The King Of Fish

By 24th May 2019

Here's a close up of Neptune's finest and most astute fish of them all which is globally regarded as 'The King'. These are precious natural commodities which have amazingly survived the ecological changes of the ocean & river glens to still appear each year in the Scottish rivers to ignite the enthusiasm & imagination of thousands of visiting salmon fishers.

The Amazing Colours Of A Salmon

The beautiful steel blue, aquamarine and silver flanked colours these perfect specimens are dressed in when they arrive back in the fresh water rivers are unique to any creature. A top performing artist would struggle to truly replicate the natural shimmer of iridescence that is inlayed in a fresh run salmon's flanks nor the sea greens and blue beige head colours that blends this oceanic predator into its ocean feeding environment.

Big Scottish River Tay Spring Salmon

This perfect salmon tipped the weigh net scales at 23lbs and was caught on the famous River Tay during the Spring month of March. The sight of a powerhouse Spring salmon like this in its bright sea coat against the dark light conditions of early Spring is a fantastic thing to see as it battles to avoid the net. This shot was taken seconds before this fish was released back out of the landing net.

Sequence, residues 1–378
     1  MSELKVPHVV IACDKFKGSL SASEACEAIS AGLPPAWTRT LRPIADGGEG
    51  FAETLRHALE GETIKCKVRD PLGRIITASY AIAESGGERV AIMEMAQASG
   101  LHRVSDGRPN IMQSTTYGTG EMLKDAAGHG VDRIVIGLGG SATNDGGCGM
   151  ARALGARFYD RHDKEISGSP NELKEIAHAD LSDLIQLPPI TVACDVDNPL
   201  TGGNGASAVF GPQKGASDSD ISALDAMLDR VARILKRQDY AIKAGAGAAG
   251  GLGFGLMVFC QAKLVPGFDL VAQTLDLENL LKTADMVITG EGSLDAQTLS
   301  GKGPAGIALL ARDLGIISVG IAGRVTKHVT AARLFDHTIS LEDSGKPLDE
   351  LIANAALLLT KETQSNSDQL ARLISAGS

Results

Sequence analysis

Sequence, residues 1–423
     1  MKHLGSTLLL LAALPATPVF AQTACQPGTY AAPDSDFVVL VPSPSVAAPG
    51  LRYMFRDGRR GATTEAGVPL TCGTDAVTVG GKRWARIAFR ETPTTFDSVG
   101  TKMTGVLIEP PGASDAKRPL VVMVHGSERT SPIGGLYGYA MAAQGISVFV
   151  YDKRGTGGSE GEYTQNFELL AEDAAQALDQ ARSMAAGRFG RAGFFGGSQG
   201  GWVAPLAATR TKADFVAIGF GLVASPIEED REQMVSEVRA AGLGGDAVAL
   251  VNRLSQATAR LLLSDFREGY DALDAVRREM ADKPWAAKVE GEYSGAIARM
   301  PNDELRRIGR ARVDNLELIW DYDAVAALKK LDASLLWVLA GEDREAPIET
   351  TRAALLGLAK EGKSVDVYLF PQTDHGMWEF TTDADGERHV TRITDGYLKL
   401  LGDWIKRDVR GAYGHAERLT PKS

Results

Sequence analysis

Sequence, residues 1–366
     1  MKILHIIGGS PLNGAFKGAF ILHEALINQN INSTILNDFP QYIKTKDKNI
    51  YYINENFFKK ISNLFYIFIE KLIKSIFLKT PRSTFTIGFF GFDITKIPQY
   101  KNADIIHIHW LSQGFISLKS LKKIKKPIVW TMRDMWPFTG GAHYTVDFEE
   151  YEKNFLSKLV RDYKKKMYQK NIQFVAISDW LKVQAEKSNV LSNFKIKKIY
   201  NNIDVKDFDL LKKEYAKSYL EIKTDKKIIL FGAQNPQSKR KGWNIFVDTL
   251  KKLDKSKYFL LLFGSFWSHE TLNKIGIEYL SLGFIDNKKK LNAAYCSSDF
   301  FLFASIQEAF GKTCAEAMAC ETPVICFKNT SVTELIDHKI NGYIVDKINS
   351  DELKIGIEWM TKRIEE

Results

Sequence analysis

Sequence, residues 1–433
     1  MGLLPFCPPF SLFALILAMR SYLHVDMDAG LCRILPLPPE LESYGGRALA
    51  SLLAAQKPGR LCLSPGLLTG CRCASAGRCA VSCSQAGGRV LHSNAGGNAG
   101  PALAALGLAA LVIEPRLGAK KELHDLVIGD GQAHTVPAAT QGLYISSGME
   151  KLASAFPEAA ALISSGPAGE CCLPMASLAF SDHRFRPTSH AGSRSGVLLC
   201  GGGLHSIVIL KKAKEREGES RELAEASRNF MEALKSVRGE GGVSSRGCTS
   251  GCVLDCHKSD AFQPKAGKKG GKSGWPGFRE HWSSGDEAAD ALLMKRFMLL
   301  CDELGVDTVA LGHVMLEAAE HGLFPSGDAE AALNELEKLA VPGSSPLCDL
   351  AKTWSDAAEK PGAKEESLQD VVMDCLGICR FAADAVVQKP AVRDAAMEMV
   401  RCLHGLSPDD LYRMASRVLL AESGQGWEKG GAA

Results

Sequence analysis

Landing A Big Salmon

Handling these salmon properly is a big part of ensuring they survive the rigours of capture. Most salmon net bags that come with even the most popular brands of landing net are only good for the fire and should be replaced with a fine meshed rubberised version before first use. The fine mesh supports the fins of the salmon much more effectively unlike these standard net bags which in most cases tears the salmon fins. You'll sadly see this fin damage if you look closely at many photographs of captured salmon.

Barbless Hooks While Salmon Fishing

Some of the management involved in Scottish salmon fishing know what they are doing and have banned barbed and treble hooks from being used. A micro barbed single hook is all you need to get a good hold of a salmon with no chance of the 2nd or 3rd hook point catching the landing net as the salmon twists and turns in the net causing inevitable terminal mouth injury to the fish. There's still too many who are self-selected or co-opted into important Scottish salmon fishing management positions who lack any form of practical riverbank experience on basic conservation issues like these.